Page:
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Are Learning Styles a Myth?:

Updated: Feb 23, 2023

Definition, Misconceptions, and How to Properly Employ them for Educational Purposes

If you’re a teacher, student, or parent, you’ve most likely heard about learning styles and how they can allegedly help students learn more effectively. But did you know that despite the intuitive appeal, there is little to no empirical evidence that learning styles are real?[1] So, why have they become so pervasive throughout educational circles? And do they hold any merit in the classroom whatsoever? Well, we’re here to investigate all this and more, starting by defining what people are referring to when they talk about learning styles, exploring the misconceptions and consequences of the learning style model, and discussing how to properly employ them for educational success.

Learning Styles Defined

Before we dive into why the learning style model is causing controversy within the academic community, let’s first start by identifying what is meant by the term ‘learning style.’ A learning style is meant to refer to an individual’s preferred way of absorbing, processing, comprehending, and retaining information.[2] The most predominantly used learning style theory is Fleming and Mills’ VARK model, which stands for visual, auditory, read/write, and kinesthetic.[3] In essence, this model suggests that visual learners learn best by seeing, auditory learners learn best by hearing information, reading/writing learners learn best by reading information from printed words, and kinesthetic learners learn best by doing.[4] Sounds pretty convincing, right? Education boards and teachers thought so too, and, as a result, learning styles have been integrated into classroom models for decades. But is there any evidence that they actually work to help students achieve greater academic outcomes?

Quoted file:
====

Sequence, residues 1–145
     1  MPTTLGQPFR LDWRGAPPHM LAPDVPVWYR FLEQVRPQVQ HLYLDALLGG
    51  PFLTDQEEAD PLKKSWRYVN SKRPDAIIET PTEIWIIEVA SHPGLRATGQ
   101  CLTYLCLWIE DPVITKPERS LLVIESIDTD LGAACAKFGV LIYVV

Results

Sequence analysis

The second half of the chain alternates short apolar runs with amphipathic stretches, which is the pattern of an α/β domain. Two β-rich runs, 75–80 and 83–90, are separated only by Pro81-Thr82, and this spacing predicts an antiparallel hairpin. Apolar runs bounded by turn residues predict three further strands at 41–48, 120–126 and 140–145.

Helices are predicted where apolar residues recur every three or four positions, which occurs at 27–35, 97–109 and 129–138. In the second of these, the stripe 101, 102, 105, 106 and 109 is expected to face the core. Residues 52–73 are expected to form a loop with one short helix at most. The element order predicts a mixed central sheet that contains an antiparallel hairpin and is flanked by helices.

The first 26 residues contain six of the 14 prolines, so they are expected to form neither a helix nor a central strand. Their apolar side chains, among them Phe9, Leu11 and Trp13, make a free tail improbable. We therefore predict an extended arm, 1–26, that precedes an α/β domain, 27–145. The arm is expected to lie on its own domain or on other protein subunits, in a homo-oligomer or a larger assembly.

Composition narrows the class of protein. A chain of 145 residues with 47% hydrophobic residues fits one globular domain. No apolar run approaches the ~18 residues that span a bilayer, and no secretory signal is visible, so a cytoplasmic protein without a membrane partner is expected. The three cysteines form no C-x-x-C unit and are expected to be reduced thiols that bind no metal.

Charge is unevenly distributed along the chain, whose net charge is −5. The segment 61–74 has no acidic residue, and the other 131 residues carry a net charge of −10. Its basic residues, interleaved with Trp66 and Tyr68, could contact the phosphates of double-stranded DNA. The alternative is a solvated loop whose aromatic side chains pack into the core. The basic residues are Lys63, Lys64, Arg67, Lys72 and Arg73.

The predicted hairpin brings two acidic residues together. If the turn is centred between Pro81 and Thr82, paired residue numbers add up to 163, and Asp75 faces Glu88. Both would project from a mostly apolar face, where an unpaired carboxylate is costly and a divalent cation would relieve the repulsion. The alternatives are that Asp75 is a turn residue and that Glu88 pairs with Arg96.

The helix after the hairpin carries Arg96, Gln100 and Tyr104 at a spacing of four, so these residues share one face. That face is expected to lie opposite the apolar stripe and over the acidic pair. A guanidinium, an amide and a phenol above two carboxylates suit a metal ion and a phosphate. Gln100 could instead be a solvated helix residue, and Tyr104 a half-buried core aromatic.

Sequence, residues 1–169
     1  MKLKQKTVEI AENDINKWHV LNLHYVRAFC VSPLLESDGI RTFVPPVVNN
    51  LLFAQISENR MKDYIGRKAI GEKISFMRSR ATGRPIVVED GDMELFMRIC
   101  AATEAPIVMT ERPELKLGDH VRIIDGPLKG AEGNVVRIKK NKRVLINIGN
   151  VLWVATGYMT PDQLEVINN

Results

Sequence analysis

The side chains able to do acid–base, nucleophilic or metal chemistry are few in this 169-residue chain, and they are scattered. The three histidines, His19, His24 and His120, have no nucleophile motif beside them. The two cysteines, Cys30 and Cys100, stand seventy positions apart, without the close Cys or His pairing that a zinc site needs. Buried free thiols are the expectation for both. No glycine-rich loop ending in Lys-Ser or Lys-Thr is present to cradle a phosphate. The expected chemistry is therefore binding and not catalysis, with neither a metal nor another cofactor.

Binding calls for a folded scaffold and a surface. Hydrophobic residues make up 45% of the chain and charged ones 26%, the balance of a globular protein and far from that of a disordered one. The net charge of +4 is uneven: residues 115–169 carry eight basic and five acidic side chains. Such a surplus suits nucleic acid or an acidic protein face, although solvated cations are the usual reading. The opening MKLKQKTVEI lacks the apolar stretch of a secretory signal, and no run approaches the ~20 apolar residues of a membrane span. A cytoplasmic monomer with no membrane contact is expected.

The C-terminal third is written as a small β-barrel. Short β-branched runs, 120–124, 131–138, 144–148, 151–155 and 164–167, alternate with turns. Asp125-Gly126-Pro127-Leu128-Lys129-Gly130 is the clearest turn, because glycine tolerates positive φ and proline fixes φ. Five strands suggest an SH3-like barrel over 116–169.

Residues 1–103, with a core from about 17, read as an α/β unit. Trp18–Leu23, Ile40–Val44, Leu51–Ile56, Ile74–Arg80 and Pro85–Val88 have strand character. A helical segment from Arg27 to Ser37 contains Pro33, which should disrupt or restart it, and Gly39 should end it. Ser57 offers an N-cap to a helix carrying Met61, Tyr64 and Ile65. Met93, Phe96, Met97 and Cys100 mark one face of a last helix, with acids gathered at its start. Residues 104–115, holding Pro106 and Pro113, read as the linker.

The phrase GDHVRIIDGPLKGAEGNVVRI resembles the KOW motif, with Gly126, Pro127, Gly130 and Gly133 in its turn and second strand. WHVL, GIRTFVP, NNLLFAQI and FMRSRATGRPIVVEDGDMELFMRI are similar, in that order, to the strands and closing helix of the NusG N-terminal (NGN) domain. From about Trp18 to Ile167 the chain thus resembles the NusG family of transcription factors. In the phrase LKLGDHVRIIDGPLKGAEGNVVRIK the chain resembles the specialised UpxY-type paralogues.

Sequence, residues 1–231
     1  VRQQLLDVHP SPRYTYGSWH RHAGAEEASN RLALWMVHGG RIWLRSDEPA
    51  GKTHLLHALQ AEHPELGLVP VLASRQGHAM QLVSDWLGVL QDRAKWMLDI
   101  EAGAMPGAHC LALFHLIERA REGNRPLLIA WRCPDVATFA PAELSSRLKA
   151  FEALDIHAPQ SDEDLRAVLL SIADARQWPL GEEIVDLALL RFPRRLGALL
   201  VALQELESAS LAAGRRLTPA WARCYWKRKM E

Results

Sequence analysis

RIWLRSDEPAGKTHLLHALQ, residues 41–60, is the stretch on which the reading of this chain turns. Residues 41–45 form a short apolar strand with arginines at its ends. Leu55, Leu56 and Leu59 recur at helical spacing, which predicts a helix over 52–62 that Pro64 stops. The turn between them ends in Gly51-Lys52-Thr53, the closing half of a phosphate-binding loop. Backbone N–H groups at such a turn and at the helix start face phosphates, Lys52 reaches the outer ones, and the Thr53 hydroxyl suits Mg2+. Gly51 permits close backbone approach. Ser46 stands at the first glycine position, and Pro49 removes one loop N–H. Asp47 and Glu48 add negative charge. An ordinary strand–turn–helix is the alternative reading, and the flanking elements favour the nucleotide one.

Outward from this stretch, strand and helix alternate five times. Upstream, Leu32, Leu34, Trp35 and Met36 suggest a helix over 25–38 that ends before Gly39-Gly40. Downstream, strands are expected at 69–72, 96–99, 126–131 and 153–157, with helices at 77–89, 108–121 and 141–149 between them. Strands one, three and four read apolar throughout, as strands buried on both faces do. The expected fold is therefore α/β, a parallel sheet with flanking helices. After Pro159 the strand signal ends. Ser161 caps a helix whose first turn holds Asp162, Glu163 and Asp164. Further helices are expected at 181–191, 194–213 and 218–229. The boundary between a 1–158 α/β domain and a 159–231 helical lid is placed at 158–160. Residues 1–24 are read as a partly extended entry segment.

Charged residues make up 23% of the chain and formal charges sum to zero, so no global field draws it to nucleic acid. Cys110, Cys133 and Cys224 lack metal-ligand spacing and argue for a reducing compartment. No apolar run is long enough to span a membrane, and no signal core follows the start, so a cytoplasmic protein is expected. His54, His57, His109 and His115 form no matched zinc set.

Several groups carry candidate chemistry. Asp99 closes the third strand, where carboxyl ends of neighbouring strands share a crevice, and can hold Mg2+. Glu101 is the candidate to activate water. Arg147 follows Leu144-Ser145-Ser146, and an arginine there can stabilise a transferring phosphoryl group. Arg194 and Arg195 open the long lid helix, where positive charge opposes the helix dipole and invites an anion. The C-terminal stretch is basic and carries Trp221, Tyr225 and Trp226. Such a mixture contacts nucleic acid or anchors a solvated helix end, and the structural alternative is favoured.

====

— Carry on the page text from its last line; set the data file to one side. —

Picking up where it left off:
Misconceptions and Consequences of the Learning Style Model

To answer the previous question we posed: no. Currently, there is no evidence that designing lessons that appeal to different learning styles accelerates student learning, yet teachers are consistently directed to keep these pseudoscientific style categories in mind in their classrooms.[5] This mismatch between the empirical evidence and belief in learning styles, alongside the persistence of learning styles in the wider literature, has led to tension and controversy throughout academic circles.[6]